The State Board of Elections is investigating suspicious voter registration forms submitted by a grass-roots organization whose problems have drawn national attention.
The Association of Community Organizations for Reform Now, known as ACORN, conducted a voter drive that registered nearly 28,000 people in North Carolina. But some of the forms it filed had information that may have been copied from phone books, local election officials said.
Durham County's elections office turned over about 120 suspect forms to the state for investigation about three weeks ago, and Wake County's elections office sent in about 30 suspicious forms last week.
Gary Bartlett, the state election board's executive director, said ACORN has cooperated with the investigation into the questionable Durham forms. The office received information about the Wake forms Friday, Bartlett said, but no other local elections official has alerted the state office to ACORN-related problems.
Mecklenburg County has not had problems with ACORN forms, the head of elections said. Work on the Durham case isn't finished, Bartlett said, but the problem does not appear to be widespread and seems to stem from “one greedy person” trying to fill out enough forms to get paid.
He said he expected the board's investigator to refer the Durham case to the local district attorney for prosecution.
ACORN is a community organizing group that runs issue campaigns and was active a few years ago in ballot initiatives to raise the minimum wage. It pays workers to register voters.
In North Carolina, the group had about 40 people a day working to register voters in Durham and Charlotte, said Pat McCoy, the group's state director. While the organization no longer requires workers to meet registration quotas, McCoy said, it does require them to show evidence of steady work.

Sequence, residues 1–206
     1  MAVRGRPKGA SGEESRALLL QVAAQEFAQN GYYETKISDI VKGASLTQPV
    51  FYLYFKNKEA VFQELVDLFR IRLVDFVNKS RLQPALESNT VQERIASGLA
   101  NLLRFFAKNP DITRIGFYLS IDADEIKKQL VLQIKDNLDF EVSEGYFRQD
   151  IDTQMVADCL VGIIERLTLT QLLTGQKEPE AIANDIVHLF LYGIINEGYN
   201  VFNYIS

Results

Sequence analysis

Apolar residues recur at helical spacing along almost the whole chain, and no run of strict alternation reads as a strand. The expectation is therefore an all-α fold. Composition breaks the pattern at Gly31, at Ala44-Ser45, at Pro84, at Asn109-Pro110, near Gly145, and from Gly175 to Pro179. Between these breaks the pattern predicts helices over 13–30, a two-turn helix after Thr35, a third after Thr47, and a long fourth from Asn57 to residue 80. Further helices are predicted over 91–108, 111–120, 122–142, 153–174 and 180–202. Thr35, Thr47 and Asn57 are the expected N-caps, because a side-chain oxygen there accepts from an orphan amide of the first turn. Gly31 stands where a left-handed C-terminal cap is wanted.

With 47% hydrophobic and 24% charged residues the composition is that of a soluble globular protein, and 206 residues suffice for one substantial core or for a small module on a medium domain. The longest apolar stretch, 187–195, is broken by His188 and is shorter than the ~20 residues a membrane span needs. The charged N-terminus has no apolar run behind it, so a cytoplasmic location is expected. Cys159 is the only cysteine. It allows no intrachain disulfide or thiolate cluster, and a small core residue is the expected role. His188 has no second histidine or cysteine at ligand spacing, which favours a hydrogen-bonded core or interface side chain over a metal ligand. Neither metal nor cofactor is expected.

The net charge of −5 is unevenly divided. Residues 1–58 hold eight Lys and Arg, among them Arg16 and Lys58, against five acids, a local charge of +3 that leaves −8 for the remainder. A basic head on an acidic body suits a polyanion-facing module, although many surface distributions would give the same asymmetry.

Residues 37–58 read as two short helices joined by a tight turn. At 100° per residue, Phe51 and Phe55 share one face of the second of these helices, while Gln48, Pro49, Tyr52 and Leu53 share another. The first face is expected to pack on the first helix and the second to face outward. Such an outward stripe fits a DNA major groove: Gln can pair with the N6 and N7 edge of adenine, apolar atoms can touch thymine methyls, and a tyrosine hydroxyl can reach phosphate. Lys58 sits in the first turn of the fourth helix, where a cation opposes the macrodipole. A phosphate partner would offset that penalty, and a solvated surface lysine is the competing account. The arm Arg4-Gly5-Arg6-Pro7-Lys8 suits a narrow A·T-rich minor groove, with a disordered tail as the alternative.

McCoy said he had not heard about problems with Wake forms. The group shut down its Wake operation because of the shortage of good voter registration spots, he said.
ACORN workers receive training and can be fired for returning incomplete or suspicious applications, McCoy said. He could not say whether the problems in Durham resulted in any ACORN employees being fired.
ACORN must return to the local elections boards the forms its workers submit, even the questionable ones. ACORN separates forms with potential problems from the rest and notifies election officials about them, McCoy said.
Problems with the group's voter registration efforts are making national news. A local elections board in Missouri reported several hundred problem applications. Nevada authorities raided ACORN headquarters in Las Vegas in an investigation of fake registration forms.
Republican John McCain's presidential campaign is publicizing the fraud investigations.
“We can't allow leftist groups like ACORN to steal this election,” read a Monday fundraising e-mail from the campaign, signed by vice presidential candidate Sarah Palin.
McCoy said the McCain campaign is exaggerating the problems for political gain.
ACORN claims to have registered about 1.3 million voters nationally since last year, and the problem applications represent a tiny fraction of those filed.